The school system is designed to get you used to losing. Should we motivate the kids with money instead?
I was reading over my bio for some talk I was doing the other day, and I paused on the line, “Jon is a self-made millionaire, even though he failed high-school…. twice.”
It’s a standard line for me, but then I thought about it and rewrote it as, “Jon is a self-made millionaire BECAUSE he dropped out of high school twice.”
“Dropped out” is actually a nice way of putting it. Makes it sound like it was a choice. It was more like I was ejected, the way antibodies remove cancerous cells from the body, ejecting them through pussy wounds in the skin.
Or maybe it’s ejected the way a fighter pilot is ejected from a burning air-craft. (I like that story more. I’ll go with that one. )
School and I didn’t get along. And you could point to the spit-balls, the fighting, the arson allegations but really, these were all symptoms. I just didn’t know how to exist within the system.
And this is what saved me.
Of course I didn’t understand at the time. I was 17. I didn’t even know what ‘system’ meant. If you asked me why I had failed I would have said it was because the principal’s a dickhead and all my teachers are angry lesbians.
Of course that wasn’t the reason. But I was just too young to understand. All I knew was that school made me feel like shit.
Fast-forward a few decades, and now I think I’ve started to figure it out. The reason I was ejected from the wreckage of my burning school is that my principal was a dickhead, my teachers were angry lesbians, AND the schooling system is designed to acclimatise you to losing.
I’ll say that last bit again. The school system is designed to acclimatise you to losing. To being a loser. To giving up on your dreams, and accepting your fate as a quiet and pliable potato.
Think about the grading system.
The grading system is the feedback loop between the school and the student. It lets the student know how they’re going, and how they’re performing in the eyes of the school, and by implication, the eyes of the world.
But the system is rigged.
Imagine you get 95% on a maths test. Perhaps you forgot to carry one of the adverbs. That looks like a good score right. We’ve been taught to see that as a good score.
But what it really says is that you failed to achieve “right”. You got close, but you failed. “Perfection” was available, but you came up short.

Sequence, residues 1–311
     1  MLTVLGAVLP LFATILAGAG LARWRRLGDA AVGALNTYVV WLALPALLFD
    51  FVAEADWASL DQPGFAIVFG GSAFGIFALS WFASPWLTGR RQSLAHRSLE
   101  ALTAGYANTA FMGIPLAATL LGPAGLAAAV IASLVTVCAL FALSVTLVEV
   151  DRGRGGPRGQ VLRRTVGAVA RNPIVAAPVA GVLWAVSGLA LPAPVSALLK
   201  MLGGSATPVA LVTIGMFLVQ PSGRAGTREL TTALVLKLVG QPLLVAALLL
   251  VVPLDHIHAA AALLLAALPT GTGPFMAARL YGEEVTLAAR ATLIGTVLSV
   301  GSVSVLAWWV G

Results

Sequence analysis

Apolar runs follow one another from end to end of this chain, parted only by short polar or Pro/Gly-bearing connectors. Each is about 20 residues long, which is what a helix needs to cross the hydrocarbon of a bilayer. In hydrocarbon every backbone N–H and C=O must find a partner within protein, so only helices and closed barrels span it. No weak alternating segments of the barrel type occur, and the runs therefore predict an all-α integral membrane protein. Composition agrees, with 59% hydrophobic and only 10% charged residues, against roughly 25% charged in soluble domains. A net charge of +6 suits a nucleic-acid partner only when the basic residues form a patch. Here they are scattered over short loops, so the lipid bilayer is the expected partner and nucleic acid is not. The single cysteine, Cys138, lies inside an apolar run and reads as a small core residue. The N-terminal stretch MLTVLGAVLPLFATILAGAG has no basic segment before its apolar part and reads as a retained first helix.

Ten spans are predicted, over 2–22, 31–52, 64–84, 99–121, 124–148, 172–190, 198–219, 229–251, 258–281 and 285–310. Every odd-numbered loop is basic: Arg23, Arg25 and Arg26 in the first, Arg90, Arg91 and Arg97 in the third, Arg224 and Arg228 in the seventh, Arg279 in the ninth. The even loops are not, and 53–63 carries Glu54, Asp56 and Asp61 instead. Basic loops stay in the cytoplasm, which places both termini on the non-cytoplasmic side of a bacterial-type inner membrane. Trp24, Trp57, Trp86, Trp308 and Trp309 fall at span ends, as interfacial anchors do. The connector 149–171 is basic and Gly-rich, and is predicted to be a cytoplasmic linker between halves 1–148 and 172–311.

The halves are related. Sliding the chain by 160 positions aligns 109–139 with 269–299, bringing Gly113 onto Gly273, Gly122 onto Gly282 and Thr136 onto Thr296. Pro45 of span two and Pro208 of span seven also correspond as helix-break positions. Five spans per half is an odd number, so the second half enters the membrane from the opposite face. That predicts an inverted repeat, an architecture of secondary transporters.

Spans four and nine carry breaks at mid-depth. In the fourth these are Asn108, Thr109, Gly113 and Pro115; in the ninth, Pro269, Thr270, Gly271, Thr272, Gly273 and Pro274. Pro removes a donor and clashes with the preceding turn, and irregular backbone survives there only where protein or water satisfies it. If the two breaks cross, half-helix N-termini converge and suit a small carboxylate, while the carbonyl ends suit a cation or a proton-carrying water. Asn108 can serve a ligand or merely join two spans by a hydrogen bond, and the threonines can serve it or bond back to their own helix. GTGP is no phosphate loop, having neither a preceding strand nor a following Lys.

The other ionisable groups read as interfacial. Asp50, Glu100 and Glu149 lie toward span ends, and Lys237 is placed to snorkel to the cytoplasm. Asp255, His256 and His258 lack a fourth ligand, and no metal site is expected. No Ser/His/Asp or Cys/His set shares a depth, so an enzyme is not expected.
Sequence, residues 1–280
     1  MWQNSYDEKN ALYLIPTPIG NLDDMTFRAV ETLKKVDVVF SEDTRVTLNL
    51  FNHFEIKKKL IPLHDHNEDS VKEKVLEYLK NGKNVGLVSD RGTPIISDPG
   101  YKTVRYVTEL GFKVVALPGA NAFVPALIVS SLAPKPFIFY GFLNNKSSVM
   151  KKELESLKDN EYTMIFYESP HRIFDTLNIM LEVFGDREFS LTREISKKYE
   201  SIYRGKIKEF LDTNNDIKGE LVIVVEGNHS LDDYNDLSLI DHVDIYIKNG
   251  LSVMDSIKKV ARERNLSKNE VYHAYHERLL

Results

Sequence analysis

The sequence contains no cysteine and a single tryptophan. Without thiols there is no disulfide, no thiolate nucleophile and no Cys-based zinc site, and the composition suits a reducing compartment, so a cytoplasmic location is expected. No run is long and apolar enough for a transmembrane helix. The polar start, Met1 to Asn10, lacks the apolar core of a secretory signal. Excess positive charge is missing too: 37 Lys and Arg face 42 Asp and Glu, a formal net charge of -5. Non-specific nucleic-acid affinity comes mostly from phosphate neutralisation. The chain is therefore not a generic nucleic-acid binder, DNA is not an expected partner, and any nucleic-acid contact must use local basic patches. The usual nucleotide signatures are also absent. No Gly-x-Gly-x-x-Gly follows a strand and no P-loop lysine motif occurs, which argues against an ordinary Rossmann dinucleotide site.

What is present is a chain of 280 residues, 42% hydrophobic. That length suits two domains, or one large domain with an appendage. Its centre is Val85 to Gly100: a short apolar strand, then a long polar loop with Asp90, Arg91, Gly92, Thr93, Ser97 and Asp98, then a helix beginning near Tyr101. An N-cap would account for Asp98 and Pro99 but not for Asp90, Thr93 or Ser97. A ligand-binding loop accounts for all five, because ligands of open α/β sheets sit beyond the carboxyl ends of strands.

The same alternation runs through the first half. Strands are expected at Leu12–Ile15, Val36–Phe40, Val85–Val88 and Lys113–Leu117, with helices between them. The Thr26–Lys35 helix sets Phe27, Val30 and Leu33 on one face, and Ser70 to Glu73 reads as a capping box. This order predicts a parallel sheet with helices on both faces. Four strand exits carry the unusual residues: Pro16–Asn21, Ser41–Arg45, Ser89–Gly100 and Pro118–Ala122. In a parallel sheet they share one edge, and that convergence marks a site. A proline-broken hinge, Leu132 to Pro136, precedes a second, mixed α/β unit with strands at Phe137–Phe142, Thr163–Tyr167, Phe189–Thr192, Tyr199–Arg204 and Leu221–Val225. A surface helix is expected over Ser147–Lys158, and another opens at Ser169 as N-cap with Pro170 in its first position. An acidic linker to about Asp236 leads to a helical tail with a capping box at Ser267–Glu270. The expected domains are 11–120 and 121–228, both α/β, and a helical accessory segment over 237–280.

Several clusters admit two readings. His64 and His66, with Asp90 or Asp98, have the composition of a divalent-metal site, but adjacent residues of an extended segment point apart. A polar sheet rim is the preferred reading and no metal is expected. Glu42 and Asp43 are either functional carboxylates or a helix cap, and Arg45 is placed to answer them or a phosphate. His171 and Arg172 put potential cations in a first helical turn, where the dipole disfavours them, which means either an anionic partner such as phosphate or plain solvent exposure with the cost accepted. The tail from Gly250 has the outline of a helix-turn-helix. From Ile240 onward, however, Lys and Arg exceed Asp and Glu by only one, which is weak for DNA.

Same story with grades like A,B+, C etc. It’s all relative to some ideal. What a perfect student would have done. The further you get from A++, the less ideal you are. The more of a loser you are. Until you get to C-, where me and my mates used to hang out. At that point you’re closer to total failure than you are to ideal.
50 shades of loser.
And that might sound like sour grapes come from where I sit. But I remember a young Asian guy in my class. His parents were refugees from Vietnam and they had drummed an incredible work-ethic into him. He was amazing. Every assignment looked like a hand-written invitation to the Queen.
He killed it. And then one day, he slipped up on something, and he got 95% on his test.
He was devastated. He burst into tears.
For the first time, he had tasted failure. The system told him that he was ‘wrong’.
And from that day on, like the rest of us, he had to get used to the system telling him he was a loser (to greater or lesser degrees) until we graduated, acclimatized to the idea that you can never win.
(We don’t like the cogs in the machine getting too uppity.)
While it was a painful process at the time (mostly for my parents), ultimately I was lucky to crash out of the system so early. The problem was that I was still there in the system, asleep.
But I still had a need to prove myself, so I turned to…
Not via investing, but by following what was taboo back then, my passion. For me, that was music and playing soccer. Fortunately enough, I was a good enough hack at both to make a bit of money to sustain myself.
I didn’t get my investment genes until 10-15 years later… another story for another time. But what I did learn at a young age was…
Money is a much better metric than %’s or grades. And that’s because there’s no upper limit.
So I started wheeling and dealing. From then on, 100% wasn’t my reference point. Break-even was. If I lost money, I felt like I’d lost. But if I broke even or better, I felt like I won.
And it’s not hard to do break-even or better, so slowly I got used to the feeling of winning. I liked it, and it drove me further and harder, til I was making big deals and enjoying big wins.
Something the school system never gives you, by design.
So my suggestion of course is that we should do away with grades and gold stars, and reward school performance with money. Less gold stickers, more gold coins. If we do that, our kids will slowly get used to the feeling of winning.
Or I used to think that. But over time, I saw that my sense of self-worth was becoming attached to whether my deals went well or not.
That’s not ideal either. I don’t want to enslave my happiness to success.
So what’s the ideal? I reckon its to give the kids a sense of self-worth that’s not attached to anything. Teach them to be totally self-sufficient.
Don’t look to some system to see whether you’re a winner or a loser (especially if that system is biased to telling you you’re a loser). Look within yourself.
Teach them that being awesome is its own reward.
And they get to chose what ‘awesome’ is.
Imagine how different the world would be then.
Do you have a process to educate your kids about money?
Are you leaving that work to today’s schooling system?
Is it even a priority for you?
Or are you too busy struggling with your own financial circumstances to even have the focus to help your kids be better at the conversation around money?